PARKINSON’S RESEARCH GRANTS FOR 2017
Parkinson’s NSW is calling for applications for Parkinson’s Research Grants up to the value of $50,000; and seed grants up to $20,000 each excl. GST, for biological/non-clinical and clinical/psychosocial research.
Grant Winners 2015- 2016
L to R: A/Prof Kay Double, A/Prof Simon Lewis, A/Prof Colleen Canning Dr Dan Johnstone, Dr Nicholas Dzamko, Dr Jin Sung Park
On April 11, Parkinson’s NSW hosted a morning tea at State Parliament to award over $288,000 in research grants to seven innovative projects. The Hon Victor Dominello MP, Minister for Innovation and Andrew Whitton, Parkinson’s NSW President presented the awards to the successful recipients.
The grant recipients include:
Dr James Macquarie Shine, Brain & Mind Research Institute, The University of Sydney A study of 100 people with Parkinson’s, using EEG to detect and predict the brain activation pattern that may allow for new treatments to be developed.
Dr Bryce Vissel, Garvan Institute, The University of New South Wales Research into the potential neuroprotective effect of UBP310 and investigate the role of KARs in a PD model.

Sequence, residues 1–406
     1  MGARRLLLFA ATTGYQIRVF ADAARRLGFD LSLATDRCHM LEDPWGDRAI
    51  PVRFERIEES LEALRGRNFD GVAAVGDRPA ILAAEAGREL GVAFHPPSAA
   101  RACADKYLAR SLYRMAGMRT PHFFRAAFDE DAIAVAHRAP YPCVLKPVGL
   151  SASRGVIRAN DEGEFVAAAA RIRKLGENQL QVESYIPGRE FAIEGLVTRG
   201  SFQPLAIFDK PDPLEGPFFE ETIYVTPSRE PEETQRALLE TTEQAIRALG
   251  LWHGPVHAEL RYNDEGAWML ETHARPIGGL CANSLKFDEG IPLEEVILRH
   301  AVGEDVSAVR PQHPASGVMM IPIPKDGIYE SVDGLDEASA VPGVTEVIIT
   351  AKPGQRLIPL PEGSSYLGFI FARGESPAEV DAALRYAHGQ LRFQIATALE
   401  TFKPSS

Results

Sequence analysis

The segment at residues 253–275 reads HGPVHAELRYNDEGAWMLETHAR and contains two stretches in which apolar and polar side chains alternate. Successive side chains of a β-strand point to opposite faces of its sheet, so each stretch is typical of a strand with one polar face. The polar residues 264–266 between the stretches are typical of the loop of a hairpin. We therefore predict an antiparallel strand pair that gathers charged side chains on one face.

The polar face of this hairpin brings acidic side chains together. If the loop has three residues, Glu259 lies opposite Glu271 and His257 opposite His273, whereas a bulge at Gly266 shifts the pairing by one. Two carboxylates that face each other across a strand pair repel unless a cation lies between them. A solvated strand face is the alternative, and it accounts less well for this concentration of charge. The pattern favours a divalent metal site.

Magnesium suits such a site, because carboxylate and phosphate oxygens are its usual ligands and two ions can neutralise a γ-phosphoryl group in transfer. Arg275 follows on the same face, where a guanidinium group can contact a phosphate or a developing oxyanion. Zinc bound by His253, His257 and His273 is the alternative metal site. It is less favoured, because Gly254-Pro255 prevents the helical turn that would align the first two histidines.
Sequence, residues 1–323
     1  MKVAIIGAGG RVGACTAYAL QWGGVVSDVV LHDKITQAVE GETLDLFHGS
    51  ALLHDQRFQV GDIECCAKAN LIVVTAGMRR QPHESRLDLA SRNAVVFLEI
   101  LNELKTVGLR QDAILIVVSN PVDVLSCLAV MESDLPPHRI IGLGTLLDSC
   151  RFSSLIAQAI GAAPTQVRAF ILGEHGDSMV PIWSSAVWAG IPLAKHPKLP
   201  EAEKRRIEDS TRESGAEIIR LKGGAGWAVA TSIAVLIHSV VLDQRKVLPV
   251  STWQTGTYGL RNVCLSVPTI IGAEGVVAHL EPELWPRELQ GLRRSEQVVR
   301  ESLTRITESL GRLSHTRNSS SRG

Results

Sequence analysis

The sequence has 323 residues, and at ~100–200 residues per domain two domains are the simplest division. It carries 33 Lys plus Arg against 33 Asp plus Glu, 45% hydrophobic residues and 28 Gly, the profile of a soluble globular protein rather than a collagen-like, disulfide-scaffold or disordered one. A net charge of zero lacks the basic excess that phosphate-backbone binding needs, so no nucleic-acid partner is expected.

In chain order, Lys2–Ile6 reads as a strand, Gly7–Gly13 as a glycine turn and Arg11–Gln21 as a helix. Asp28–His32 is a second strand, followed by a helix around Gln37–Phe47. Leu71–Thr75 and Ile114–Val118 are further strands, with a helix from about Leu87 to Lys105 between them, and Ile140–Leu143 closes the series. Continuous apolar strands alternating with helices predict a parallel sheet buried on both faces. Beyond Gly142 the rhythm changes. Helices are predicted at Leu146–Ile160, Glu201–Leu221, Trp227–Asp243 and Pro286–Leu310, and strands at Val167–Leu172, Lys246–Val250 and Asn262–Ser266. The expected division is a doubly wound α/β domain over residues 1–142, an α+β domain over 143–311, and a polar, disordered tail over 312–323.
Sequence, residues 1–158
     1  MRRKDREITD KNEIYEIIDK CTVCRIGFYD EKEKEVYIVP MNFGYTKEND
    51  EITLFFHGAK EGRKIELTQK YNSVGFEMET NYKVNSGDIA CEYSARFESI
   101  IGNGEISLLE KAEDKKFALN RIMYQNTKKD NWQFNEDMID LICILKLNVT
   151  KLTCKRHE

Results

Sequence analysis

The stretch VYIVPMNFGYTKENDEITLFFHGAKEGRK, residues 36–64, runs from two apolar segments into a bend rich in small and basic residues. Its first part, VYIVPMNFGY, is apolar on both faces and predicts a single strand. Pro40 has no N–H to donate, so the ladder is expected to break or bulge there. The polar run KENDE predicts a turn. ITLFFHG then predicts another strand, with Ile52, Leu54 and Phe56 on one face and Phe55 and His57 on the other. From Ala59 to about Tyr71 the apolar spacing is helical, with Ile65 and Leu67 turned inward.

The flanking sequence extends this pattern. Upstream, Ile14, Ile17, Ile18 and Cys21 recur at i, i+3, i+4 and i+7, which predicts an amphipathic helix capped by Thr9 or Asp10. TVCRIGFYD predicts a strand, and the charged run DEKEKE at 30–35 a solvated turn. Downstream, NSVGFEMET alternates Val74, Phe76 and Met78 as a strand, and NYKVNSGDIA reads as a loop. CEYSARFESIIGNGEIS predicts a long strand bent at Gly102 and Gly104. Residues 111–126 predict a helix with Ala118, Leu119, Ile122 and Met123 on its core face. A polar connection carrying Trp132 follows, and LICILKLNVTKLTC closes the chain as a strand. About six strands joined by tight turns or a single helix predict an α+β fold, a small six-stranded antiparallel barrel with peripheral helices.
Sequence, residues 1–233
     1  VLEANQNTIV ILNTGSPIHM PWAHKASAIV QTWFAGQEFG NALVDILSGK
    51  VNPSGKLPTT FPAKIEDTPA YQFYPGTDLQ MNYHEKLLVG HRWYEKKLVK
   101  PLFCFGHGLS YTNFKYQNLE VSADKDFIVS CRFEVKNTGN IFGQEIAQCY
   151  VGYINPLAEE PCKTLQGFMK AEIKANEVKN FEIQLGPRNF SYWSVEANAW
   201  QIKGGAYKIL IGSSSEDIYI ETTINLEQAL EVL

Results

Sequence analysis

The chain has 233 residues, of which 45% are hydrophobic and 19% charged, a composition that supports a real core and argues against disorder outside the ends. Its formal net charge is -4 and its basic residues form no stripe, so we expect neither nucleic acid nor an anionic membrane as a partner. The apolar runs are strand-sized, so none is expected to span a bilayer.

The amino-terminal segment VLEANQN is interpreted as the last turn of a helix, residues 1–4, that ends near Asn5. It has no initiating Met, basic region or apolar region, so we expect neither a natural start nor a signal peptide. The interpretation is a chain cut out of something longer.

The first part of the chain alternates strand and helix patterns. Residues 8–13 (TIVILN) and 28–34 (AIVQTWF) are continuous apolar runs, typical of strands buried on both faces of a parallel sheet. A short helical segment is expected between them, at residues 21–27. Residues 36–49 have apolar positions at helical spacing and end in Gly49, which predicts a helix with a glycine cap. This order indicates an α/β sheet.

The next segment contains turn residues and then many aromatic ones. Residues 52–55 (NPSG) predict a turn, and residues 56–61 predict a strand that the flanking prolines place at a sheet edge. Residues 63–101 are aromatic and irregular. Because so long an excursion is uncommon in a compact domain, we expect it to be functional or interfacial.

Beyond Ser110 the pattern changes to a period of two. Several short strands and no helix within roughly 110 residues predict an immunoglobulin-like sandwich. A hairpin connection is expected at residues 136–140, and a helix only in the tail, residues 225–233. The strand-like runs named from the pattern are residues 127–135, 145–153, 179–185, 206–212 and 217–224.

A/Prof Colleen Canning, The University of Sydney A study to be conducted of 300 people with Parkinson’s to determine the attributes that most influence uptake and adherence of exercise programs.
A/Prof Kay Double, The University of Sydney Investigation into why Superoxide dismutase (SOD1) protein is aggregating in Parkinson’s disease and if the aggregation is concentrated in brain regions of cell loss.
Dr Dan Johnstone, The University of Sydney Research into three non-drug interventions – dietary saffron, near infrared light (NIr) and remote ischaemic conditioning in reducing the pathology and signs of Parkinson’s disease.
Dr Nicolas Dzamko, Neuroscience Research Australia, The University of New South Wales Research to determine if UPS35, a protein that regulates receptor trafficking and is genetically implicated in PD, contributes to the uptake of alpha-synucleins.
Dr Jin Sung-Park, Kolling Institute of Medical Research, The University of Sydney This project will attempt to provide a basis for developing therapies to treat mitochondrial dysfunction through identifying the proteins interacting with Nix (a selective autophagy receptor) during mitophagy.